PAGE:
simple stitches

Threading your needle

Take out about one yard length of thread.  This is an easy amount to work with.  A little tidbit…with your arm extended straight out to your side the length from the tip of your finger to your nose is about one yard.   This will help you know about how long a yard is.  Thread the end of the thread through the eye of the needle.  You can put the end of the thread in your mouth to help make the ends “stick” together by moistening it.  Once through, make the two ends of the thread meet and tie a knot.  This will allow the thread to be double thickness and a bit stronger.


Running stitch

This is one of the most basic stitches. When you are finished, you will have the same appearance on both sides of the joined fabric.

Start on the wrong side of the hem and pull your knotted thread through to the right side.  Continue going up and then back down in a straight line through the material until you get to the end of your broken hem. Move in even spaces while going through the material.

It will have the appearance of dashes

___  ____ ___ ___  ___ ___ ___


Back stitch

If you need a stronger stitch, this is an advanced variation of the simple running stitch where you constantly take one step back and two steps forward along your stitch line.  When you are finished one side will look like a simple running stitch but the other side will have a line of overlapping stitches.



If you were to imagine what it looks like, think of a spiral bound notebook.  It just whips around and around.  This works good to repair a pillow, busted seams on clothing, pockets that have split open, or hems that have split on the bottom not at the hemline.  This works great for cushions on your couch as well.  Make sure to choose thread that matches what you are repairing as you will see it.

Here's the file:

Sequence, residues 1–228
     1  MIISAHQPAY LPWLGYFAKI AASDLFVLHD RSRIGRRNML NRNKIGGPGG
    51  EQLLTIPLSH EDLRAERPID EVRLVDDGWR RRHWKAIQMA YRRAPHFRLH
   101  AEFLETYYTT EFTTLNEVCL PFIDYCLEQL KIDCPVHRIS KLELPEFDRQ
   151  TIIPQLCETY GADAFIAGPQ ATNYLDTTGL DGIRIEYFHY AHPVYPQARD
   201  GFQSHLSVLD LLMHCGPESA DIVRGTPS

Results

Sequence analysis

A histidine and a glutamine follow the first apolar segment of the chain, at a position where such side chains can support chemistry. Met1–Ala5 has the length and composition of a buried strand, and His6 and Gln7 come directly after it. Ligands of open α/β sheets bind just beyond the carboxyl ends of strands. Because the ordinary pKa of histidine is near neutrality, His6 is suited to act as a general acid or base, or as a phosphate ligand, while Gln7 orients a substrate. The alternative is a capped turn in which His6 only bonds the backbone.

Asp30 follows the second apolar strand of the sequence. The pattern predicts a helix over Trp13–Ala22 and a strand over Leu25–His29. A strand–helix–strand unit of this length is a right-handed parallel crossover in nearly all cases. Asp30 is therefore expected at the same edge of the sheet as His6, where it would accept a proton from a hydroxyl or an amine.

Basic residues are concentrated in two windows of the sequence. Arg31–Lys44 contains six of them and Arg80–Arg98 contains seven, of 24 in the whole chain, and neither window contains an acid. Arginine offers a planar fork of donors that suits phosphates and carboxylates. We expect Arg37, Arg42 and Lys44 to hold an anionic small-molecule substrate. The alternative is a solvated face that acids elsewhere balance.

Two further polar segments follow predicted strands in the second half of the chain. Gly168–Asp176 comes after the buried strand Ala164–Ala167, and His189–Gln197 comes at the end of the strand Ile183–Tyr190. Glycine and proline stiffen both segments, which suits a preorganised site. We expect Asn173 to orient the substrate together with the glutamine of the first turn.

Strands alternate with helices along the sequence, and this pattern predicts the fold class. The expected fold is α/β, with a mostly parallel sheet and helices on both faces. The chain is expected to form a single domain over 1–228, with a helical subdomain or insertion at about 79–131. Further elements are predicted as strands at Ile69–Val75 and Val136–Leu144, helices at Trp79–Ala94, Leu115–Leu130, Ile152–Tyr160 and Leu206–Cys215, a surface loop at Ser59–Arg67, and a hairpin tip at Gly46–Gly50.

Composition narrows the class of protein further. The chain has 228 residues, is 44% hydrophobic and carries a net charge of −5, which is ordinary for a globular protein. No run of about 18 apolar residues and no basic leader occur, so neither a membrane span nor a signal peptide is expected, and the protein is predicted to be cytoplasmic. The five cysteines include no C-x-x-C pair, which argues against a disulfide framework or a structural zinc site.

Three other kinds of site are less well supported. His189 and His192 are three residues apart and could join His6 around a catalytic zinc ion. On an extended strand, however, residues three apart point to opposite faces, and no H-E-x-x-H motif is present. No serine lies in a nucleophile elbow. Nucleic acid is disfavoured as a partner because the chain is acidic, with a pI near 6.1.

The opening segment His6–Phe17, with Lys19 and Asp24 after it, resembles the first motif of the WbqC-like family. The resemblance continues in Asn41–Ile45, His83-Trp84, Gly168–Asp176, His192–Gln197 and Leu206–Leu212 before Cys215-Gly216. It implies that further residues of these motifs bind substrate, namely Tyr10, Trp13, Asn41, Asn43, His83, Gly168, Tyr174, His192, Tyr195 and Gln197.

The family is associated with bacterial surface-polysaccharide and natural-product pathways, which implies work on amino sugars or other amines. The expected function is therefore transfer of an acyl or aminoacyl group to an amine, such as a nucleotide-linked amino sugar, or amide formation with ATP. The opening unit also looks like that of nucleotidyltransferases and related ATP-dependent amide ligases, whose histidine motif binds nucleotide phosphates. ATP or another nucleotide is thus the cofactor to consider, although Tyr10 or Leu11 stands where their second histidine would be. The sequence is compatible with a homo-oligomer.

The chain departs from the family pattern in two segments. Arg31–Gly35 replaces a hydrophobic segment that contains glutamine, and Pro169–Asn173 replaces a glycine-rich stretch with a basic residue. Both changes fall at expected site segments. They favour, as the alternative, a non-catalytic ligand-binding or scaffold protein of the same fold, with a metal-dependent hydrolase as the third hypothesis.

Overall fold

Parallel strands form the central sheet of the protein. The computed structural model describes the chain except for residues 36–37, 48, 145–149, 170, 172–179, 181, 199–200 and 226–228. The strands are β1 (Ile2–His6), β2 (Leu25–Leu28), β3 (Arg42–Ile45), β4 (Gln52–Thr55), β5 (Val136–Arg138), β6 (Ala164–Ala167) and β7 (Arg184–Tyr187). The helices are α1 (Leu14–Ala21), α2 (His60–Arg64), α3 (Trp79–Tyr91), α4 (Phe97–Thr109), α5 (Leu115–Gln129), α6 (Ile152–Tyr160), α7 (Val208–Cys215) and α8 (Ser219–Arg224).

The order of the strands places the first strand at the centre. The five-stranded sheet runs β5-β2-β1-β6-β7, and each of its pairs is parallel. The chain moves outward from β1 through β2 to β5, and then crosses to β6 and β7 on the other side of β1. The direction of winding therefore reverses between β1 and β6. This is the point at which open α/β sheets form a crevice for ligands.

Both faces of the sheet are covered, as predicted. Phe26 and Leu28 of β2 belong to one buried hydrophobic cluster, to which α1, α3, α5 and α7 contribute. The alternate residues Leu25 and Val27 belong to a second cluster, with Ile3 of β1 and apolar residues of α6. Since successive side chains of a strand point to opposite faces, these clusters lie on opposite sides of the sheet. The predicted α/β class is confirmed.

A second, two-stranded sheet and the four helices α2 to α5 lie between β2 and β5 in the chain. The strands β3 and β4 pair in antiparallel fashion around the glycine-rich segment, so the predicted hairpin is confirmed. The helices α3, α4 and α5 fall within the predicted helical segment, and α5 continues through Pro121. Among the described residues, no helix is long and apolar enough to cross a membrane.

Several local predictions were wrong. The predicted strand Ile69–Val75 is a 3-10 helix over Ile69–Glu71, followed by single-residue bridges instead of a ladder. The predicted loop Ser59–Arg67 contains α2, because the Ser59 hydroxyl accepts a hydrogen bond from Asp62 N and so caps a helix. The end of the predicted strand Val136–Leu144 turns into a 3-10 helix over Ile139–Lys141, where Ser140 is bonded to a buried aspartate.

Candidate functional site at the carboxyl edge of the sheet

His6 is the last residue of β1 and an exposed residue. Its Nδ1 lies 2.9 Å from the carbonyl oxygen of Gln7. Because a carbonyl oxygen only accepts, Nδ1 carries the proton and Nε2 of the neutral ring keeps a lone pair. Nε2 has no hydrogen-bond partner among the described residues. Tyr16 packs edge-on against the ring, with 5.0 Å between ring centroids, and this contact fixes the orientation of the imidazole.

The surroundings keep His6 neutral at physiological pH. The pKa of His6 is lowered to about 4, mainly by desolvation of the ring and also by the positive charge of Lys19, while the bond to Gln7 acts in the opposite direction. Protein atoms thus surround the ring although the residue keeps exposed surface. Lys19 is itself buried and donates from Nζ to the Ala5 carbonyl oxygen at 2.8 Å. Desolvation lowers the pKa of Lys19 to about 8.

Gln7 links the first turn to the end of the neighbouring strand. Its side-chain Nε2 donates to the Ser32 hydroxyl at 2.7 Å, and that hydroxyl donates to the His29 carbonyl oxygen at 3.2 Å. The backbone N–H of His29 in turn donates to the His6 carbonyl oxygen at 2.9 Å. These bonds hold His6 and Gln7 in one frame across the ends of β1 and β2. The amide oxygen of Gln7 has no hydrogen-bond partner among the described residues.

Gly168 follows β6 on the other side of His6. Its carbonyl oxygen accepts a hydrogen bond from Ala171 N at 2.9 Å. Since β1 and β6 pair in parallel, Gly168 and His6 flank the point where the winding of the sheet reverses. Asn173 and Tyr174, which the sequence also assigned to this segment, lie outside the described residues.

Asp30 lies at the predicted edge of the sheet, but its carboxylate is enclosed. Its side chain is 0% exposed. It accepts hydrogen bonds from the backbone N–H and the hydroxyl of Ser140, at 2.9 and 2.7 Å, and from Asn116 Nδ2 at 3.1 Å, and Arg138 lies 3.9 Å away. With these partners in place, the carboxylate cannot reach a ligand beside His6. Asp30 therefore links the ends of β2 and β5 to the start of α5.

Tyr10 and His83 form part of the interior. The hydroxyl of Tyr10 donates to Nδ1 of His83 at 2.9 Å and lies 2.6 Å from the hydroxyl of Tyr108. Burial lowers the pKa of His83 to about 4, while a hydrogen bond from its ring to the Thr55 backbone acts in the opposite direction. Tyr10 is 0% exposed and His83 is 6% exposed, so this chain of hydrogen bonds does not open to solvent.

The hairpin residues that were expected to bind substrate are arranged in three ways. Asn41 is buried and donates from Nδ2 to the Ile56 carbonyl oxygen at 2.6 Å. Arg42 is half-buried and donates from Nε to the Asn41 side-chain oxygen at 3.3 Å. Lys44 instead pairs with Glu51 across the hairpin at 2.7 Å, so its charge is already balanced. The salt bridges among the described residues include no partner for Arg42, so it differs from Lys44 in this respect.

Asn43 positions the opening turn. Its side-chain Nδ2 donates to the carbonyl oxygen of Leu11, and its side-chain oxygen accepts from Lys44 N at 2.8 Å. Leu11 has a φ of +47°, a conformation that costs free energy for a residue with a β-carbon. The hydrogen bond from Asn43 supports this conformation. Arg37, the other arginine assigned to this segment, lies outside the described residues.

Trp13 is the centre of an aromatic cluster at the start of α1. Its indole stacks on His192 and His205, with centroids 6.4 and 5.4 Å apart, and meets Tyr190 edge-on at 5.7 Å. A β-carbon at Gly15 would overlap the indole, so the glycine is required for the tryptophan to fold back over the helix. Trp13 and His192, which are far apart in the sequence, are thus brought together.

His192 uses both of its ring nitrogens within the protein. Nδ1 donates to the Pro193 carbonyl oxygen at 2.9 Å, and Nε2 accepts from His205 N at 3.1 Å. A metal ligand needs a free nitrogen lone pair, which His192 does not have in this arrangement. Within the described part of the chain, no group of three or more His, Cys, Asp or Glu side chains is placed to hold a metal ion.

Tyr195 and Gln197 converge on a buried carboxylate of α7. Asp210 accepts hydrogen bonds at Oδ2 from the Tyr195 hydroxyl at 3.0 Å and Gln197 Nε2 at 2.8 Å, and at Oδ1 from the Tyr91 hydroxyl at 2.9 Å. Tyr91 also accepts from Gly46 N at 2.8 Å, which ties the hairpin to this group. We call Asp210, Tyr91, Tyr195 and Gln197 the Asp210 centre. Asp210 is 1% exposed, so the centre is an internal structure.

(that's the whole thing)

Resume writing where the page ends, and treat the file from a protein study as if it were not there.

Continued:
• Fold the ends of the material inward and pinch shut.  If you need to hold it together, use some pins.
  • Hide your thread knot and bring the thread from the inside through the outside of the hem fold.
  • Moving from right to left (or left to right if you’re left-handed), cross over diagonally and pick up a few threads of the fabric above the fold. Keep the needle pointed in the direction in which you’re working.
  • Bring the needle back out through the fold and repeat.
  • When you have sewn all the way to the end of your repair, go back a few diagonals to make the stitch stronger and then tie the knot.  After you bring up the thread, go through the hole and tie it off.  Cut off any loose threads.


Button repairs

At some point in your life, a button is going to need to be sewn on.  I have found that for heavy duty items like coat buttons, use dental floss instead of regular thread.  It is near impossible for the button to fall off.

  • Use a double strand of thread for this.
  • Secure beginning thread with a knot underneath the button and piece of fabric.
  • Bring the thread up to the right side of the fabric and through a hole in the button. Thread it back through an adjacent hole.
  • Pull the thread.
  • Go into the first layer of fabric. Slant needle toward the same general location where the thread came up through the fabric to the right side.
  • Continue stitching in the same place for approximately 6-8 stitches.
  • When you have made your stitches around the button holes, end up underneath the button and wind the thread around the underside of the button.
  • Make a loop and tie off your thread.
  • Test to see if your button feels secure, if not, repeat these steps.


You can practice these procedures on a small scrap piece of material.

If you need a visual, look online at some videos to view how to do these simple sewing practices.